03/18/2008 12:53 pm ET | Updated Nov 17, 2011

Driving Through Death Valley to Meet a Hooker

Diane Sawyer's revived 20/20 special about a Bunny Ranch, and "Kristen's" fast-moving musical career call to mind my interview a couple of years ago with a Nevada hooker.

Things started when I dated a meticulous, ambitious law firm partner who admitted that throughout his former marriage he not only visited prostitutes regularly, but enjoyed taking some of them to lunch. One was a psych major at NYU. The lawyer explained he liked the freedom from needs or demands, and the power of being able to "pay, play and leave."

Like most women, I'm programmed for intimacy and romance, and I usually empathize with the wife, having been one, twice. But I was curious about the widespread lure of prostitution, so when I found out I was attending a conference in Las Vegas, I wangled an interview at a legal Nevada brothel called Angel's Ladies.

Here's my on-the-spot experience, which I had blogged about more briefly on my website

There's a brothel or two near Pahrump, near Vegas, but my appointment is further along, past Death Valley. (BTW, and off-point, the most fascinating non-hooker woman in Pahrump is Marta Becket, over 80, who still dances -- on point -- at the Amargosa Opera House she founded there. She painted murals of an audience to surround the stage, and she sings and dances for that silent group even if no one shows up.)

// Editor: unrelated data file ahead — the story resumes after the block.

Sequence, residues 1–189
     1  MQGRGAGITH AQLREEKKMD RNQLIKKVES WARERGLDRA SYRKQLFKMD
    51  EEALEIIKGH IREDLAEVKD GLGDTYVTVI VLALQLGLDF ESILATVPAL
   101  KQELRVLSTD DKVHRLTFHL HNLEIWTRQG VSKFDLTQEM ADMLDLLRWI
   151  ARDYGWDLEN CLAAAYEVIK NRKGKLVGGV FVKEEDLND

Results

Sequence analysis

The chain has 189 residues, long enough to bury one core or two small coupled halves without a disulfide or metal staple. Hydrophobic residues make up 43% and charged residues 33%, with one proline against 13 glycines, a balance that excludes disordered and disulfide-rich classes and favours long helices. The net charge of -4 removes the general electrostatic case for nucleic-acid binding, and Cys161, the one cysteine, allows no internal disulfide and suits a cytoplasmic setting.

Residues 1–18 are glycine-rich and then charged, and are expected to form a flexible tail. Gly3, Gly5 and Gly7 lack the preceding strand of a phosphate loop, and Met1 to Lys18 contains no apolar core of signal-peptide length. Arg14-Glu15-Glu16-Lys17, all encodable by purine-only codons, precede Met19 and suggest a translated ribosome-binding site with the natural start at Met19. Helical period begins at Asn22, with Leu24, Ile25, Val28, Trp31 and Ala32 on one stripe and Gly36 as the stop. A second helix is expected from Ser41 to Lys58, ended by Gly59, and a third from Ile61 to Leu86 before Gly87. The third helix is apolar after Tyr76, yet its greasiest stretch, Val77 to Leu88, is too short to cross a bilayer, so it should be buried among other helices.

This September morning in Death Valley the temp is 106 in the shade, but "dry heat," so it feels like ... 106! At a lunch stop at the aptly-named Furnace Creek Inn, a door sign reads "sauna." Redundant.

Surreal landscapes reflect my mood as I drive to meet the hooker in blessed air con along salt flats 300 feet below sea level, with far-off mountains rising into haze. I pass pink and violet shadings at Zabriski Point, wavy outcroppings of mineral and rock, sand dunes, ghost towns, and abandoned mines. Lots of time to ponder why I'm doing this.

In Beatty Nevada, at a saloon called The Sourdough, I get directions to the small pink roadhouse, Angel's Ladies, just north of town. Maybe 100 feet from the door, by a big sign, the wreckage of a small plane, as if some horny pilot couldn't get there fast enough.

The reception area at Angel's Ladies looks like a neat, paneled rec room from the 1970s. There's no bar, just some seating, and a shower room off to the side. I'm warmly greeted by Miranda, the manager and one of the half dozen or so women who lines up most days and nights to be chosen, as she says, by "truckers, virgin kids, and frustrated husbands."

Miranda's a fetching redhead in dark-rimmed glasses, slim in a sweater and slacks. When she smiles sweetly, she looks like my third grade teacher, Miss Astor. She sits me down on a couch, asks if I want some water, and tells me she's a forty-something grandmother, and an online business-administration student. She used to work in a factory, and likes her current job much better. Not what I expected.